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Share Data

Why would I share my data? I worked hard to create it!


Benefits of sharing data

Sharing data is of benefit to the wider research community, can help to expedite research and provide further impact and citation of research publications.  Sharing data allows the research to be verified, replicated and extended and can also reduce duplication of similar research.

The study cited below provides one example of how publically available data has increased citation impact.  

"The 48% of trials with publicly available microarray data received 85% of the aggregate citations. Publicly available data was significantly (p = 0.006) associated with a 69% increase in citations, independently of journal impact factor, date of publication, and author country of origin using linear regression."

Source : Piwowar HA, Day RS, Fridsma DB (2007) Sharing Detailed Research Data Is Associated with Increased Citation Rate. PLoS ONE 2(3): e308. doi:10.1371/journal.pone.0000308

Sharing data does not necessarily mean making data openly and publicly available although this is something that many researchers choose to do, and/or may also be a funding requirement. When choosing to share data, researchers have the ability to determine access conditions and to set a desired level of access to their datasets.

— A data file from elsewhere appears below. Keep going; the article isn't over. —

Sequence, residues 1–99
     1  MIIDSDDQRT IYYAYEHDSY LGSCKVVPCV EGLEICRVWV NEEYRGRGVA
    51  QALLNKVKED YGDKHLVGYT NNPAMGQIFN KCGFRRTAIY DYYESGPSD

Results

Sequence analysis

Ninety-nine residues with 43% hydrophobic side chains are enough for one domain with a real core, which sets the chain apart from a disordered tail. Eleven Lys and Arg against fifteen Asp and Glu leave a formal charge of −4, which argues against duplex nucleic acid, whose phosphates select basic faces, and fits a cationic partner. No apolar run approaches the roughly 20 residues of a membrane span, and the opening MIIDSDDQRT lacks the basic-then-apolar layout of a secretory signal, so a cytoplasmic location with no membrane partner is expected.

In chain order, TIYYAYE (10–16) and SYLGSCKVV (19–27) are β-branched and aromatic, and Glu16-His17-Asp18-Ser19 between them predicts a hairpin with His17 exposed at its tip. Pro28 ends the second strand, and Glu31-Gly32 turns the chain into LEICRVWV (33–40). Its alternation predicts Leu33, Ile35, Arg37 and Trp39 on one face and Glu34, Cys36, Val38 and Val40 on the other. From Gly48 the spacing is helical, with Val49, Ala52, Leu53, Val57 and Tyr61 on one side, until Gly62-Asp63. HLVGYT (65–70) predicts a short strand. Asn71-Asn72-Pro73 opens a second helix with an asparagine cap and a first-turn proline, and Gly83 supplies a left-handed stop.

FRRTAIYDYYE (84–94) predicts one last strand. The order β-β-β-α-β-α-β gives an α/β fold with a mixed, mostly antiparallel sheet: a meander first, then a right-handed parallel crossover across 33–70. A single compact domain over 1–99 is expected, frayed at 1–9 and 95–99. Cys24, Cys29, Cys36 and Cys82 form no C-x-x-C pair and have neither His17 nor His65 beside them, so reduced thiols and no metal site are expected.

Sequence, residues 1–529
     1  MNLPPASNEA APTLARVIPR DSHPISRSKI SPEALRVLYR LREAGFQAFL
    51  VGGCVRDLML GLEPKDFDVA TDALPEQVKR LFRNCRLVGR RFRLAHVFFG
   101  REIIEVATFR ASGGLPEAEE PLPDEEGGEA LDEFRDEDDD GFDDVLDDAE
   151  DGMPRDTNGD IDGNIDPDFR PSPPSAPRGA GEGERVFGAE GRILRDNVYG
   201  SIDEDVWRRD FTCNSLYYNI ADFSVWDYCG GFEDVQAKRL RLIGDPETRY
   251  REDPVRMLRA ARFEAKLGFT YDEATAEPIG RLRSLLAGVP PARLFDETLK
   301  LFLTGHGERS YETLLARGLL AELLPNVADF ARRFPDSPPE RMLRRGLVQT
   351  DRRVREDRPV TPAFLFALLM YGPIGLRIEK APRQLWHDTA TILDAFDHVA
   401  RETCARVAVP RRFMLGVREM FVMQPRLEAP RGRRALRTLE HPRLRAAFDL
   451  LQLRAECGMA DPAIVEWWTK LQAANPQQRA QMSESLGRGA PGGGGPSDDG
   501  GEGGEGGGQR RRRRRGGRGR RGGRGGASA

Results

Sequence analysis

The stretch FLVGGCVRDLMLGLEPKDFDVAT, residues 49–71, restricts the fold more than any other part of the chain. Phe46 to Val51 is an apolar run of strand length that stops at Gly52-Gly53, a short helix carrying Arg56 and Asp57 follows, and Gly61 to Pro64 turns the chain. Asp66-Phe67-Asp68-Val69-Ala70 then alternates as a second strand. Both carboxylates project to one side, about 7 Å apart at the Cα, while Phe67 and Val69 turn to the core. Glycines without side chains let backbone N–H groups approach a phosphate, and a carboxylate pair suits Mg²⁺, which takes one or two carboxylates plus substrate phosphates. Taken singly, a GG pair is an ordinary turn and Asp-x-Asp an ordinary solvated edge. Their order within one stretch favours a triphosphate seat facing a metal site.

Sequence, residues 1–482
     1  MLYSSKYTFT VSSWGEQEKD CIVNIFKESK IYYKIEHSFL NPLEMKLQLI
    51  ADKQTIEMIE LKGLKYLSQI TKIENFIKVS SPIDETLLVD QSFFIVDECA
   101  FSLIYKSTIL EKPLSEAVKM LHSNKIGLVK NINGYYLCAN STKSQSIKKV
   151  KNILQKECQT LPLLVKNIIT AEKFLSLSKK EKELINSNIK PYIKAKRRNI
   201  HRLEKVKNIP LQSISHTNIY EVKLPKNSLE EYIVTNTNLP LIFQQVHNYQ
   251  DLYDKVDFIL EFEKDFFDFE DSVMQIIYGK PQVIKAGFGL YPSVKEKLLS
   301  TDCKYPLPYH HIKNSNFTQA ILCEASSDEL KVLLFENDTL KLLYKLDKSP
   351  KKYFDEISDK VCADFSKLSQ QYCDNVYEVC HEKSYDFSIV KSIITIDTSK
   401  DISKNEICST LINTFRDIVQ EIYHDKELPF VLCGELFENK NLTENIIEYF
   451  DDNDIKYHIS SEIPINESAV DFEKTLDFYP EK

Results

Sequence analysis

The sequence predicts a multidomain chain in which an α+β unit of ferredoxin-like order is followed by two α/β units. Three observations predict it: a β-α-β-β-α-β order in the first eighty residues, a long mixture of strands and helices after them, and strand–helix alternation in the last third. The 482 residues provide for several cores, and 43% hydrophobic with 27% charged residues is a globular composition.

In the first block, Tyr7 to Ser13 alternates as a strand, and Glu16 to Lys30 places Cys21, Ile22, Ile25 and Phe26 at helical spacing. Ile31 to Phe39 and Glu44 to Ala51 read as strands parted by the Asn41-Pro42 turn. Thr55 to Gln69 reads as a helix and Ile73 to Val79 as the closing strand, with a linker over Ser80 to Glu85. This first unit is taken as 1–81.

Options include:

Controlled/mediated access

  • A researcher may choose to remain the gatekeeper and all requests to access the data may be directed to a nominated contact, for example the Chief Investigator, or a Data Manager.
  • Access methods may include sending the data directly to the requesting researcher or providing a login to download the data from a secure site.

Restricted access

  • Restrictions may be necessary in order to protect sensitive data eg. confidential information. Access to the data may be restricted to researchers within a specific discipline and there may be strict protocols to observe when working with the data.

Open access

  • Open access to data generally means that the data is published and freely available in the public domain.

Attribution: The content on this page is from the University of Newcastle Libguides on Data Management Planning. It is used with permission.